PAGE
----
“Dune”: A Masterclass in Sci-Fi Filmmaking


Source: SGN Africa

Will Teare

Rating: 5/5

By Will Teare

“Unadaptable.” That is the word that has been attributed to Frank Herbert’s seminal sci-fi odyssey, Dune, countless times since its publication in 1965. Since then, countless failed productions, 2 sloppy early 2000’s SyFy shows, and a comically terrible 1984 film by legendary filmmaker David Lynch. Now, if David Lynch, widely considered one of the greatest filmmakers to ever hold a camera couldn’t rein in the wild sandworm that is Dune, then no one can. The original text is filled with rich lore that is nearly impossible to fit into a visual medium in a cohesive way. It tackles too many themes to shove into only one movie. Enter French-Canadian director Denis Villeneuve. 

Denis Villeneuve came into Dune coming straight out of critically acclaimed films such as Enemy, Prisoners, and Sicario. He then tackled blockbuster sci-fi movies like box office hit, Arrival. He was even able to make Blade Runner 2049, which met middling box office returns but an incredible critical reception. According to the fans of Blade Runner, he even managed to top the original source material. So a challenge in adapting complicated material is something Villeneuve is certainly familiar with. 

Dune is finally being released to the public with day-and-date streaming on HBO MAX and theaters internationally.  It is a technical masterpiece from start to finish. The audio work on it is transcendental, comparable only to the audio found in Star Wars. The sound design perfectly matches the architecture and ship design that clearly take after brutalist architecture that creates the feeling of it being perfectly timeless and futuristic. The modern audience knows the difference between CGI and the real thing and what looks tacky and what doesn’t. But in Dune, they complement each other flawlessly. Not once could someone question the look of a 400-meter sandworm roaming through the Sahara desert. The scale of both the sets and the CGI is massive, almost as big as the vastness of the Arrakis desert waste shown in the film. I have to compare it to David Lean’s masterpiece Lawrence of Arabia in that sense. I cannot be more adamant that all that MUST be experienced with a full sound system and the largest screen available. The clear, best way to watch it is go to the theaters and to get the full experience of Dune

The cast is just as good as the technical aspects. It boasts a massive list of entirely A-listers. The standouts are Timmotheé Chalamet as our protagonist, Paul Atreides, Oscar Isaac as his father, Duke Leto Atreides, and Rebecca Fergeson as his mother, Lady Jessica. Chalamet is the perfect Paul as if lifted directly from the text. He has the look of the slight naivete found in someone at the end of their teenage years but an inherent intelligence and intensity to him, and plays Paul masterfully as such. Oscar Isacc pulls off the look of an aging, benevolent King with a certain world-weariness and at times desperate need to be greater with the grace only the Duke of House Atreides would have. Rebecca Fergeson as The Lady Jessica is easily the most complex character in Dune. She has to be a mother, a Queen, a spiritual guide, a wife, a leader, and a refugee. Fergeson has to play Lady Jessica as someone who is as skilled in charming house guests as she can wield a Chrysknife. Fergeson manages to do all those things along with giving Jessica a fragility amidst her strength, a trait not even present in the book.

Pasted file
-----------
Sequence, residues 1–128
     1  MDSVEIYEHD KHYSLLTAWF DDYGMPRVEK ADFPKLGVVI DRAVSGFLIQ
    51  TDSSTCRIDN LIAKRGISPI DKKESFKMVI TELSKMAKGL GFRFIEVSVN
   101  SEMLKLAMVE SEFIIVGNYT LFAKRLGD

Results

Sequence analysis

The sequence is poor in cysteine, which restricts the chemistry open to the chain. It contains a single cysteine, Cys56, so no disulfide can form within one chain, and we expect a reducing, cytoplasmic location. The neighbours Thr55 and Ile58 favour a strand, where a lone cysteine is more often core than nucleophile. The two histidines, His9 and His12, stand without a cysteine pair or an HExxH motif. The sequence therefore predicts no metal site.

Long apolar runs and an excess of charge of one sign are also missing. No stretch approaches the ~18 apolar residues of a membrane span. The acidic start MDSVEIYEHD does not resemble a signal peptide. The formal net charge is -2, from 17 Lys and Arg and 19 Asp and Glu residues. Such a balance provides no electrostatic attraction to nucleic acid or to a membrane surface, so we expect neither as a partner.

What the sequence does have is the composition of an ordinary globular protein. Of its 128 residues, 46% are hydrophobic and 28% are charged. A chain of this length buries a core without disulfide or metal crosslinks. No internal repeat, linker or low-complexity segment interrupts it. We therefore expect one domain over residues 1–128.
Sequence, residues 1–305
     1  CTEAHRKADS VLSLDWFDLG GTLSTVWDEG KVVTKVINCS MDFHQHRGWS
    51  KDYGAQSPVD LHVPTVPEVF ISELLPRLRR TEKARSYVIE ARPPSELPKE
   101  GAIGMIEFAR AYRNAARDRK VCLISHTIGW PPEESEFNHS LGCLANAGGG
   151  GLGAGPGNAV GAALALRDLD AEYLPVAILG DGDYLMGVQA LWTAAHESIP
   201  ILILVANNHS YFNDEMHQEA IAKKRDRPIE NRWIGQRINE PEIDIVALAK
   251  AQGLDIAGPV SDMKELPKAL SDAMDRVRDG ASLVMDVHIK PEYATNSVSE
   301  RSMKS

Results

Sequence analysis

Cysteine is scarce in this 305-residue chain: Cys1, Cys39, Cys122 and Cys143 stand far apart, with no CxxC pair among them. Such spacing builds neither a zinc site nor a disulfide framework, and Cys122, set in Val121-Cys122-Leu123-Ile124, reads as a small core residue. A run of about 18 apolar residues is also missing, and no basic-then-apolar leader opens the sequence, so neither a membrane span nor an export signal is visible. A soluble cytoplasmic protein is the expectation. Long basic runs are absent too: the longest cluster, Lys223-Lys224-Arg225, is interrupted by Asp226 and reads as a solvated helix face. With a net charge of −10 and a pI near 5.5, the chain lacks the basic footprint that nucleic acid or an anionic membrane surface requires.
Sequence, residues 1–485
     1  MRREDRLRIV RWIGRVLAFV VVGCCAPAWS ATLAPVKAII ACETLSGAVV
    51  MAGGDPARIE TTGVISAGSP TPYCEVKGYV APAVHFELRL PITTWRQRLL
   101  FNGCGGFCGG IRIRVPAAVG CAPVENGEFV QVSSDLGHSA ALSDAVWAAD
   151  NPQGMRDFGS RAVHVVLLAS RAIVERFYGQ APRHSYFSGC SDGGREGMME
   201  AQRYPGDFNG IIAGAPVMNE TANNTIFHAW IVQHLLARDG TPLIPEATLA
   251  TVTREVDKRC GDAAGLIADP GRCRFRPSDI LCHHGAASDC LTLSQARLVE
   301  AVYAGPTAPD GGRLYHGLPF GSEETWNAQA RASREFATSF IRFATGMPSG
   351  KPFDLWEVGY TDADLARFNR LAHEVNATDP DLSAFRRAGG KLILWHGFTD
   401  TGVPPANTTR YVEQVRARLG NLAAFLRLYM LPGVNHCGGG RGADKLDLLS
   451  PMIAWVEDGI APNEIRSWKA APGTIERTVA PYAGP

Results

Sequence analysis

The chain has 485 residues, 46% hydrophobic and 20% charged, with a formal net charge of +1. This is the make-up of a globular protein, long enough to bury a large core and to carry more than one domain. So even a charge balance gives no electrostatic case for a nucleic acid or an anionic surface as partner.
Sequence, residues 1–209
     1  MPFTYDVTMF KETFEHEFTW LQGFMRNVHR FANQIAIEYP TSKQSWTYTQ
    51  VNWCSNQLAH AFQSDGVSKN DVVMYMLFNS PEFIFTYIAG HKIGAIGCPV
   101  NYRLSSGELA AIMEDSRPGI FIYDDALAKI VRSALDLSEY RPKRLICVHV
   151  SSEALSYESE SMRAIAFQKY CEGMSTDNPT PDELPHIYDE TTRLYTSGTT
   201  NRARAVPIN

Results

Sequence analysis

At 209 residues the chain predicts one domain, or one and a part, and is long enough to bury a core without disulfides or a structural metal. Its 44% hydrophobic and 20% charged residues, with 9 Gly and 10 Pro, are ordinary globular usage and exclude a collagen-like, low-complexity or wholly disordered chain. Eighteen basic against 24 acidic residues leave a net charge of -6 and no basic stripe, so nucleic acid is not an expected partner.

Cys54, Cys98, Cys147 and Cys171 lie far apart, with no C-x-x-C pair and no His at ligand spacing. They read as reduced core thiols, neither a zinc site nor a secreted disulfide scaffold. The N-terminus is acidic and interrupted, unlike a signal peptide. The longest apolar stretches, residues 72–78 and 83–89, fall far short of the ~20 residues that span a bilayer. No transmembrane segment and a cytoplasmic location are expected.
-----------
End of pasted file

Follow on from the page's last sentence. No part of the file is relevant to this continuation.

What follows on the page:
Speaking of things not found in the book, how faithful is it to the book? This is very much DUNE: PART ONE, as expressed in the film’s opening credits, as you simply couldn’t do one good Dune adaptation in under 3 hours. Part 2 will be announced pending Warner Brothers’ Mentat calculations on the film’s box office returns and HBO MAX views and new subscribers. Villeneuve still manages this little story and character choices that were perfect additions to the material to give a largely intelligent but slightly heartless story the heart it needs to ground a modern moviegoing audience. Still, there are plenty of things that are lifted directly from the text, many do a lot better than author Frank Herbert wrote. So, Denis Villeneuve’s Dune is half of a full story and it feels like it. It ends quite abruptly accompanied with the line “This is only the beginning.” A line as much directed at Paul as it is at the audience. That decision of not having a full story in one movie has its critics, but Dune: Part One isn’t about the ending, it’s about the journey. This film cements Villeneuve as one of the most exciting new filmmakers in the 21st century. Much like Paul Atreides, we are witnessing a legend in the making.  Rating: 5/5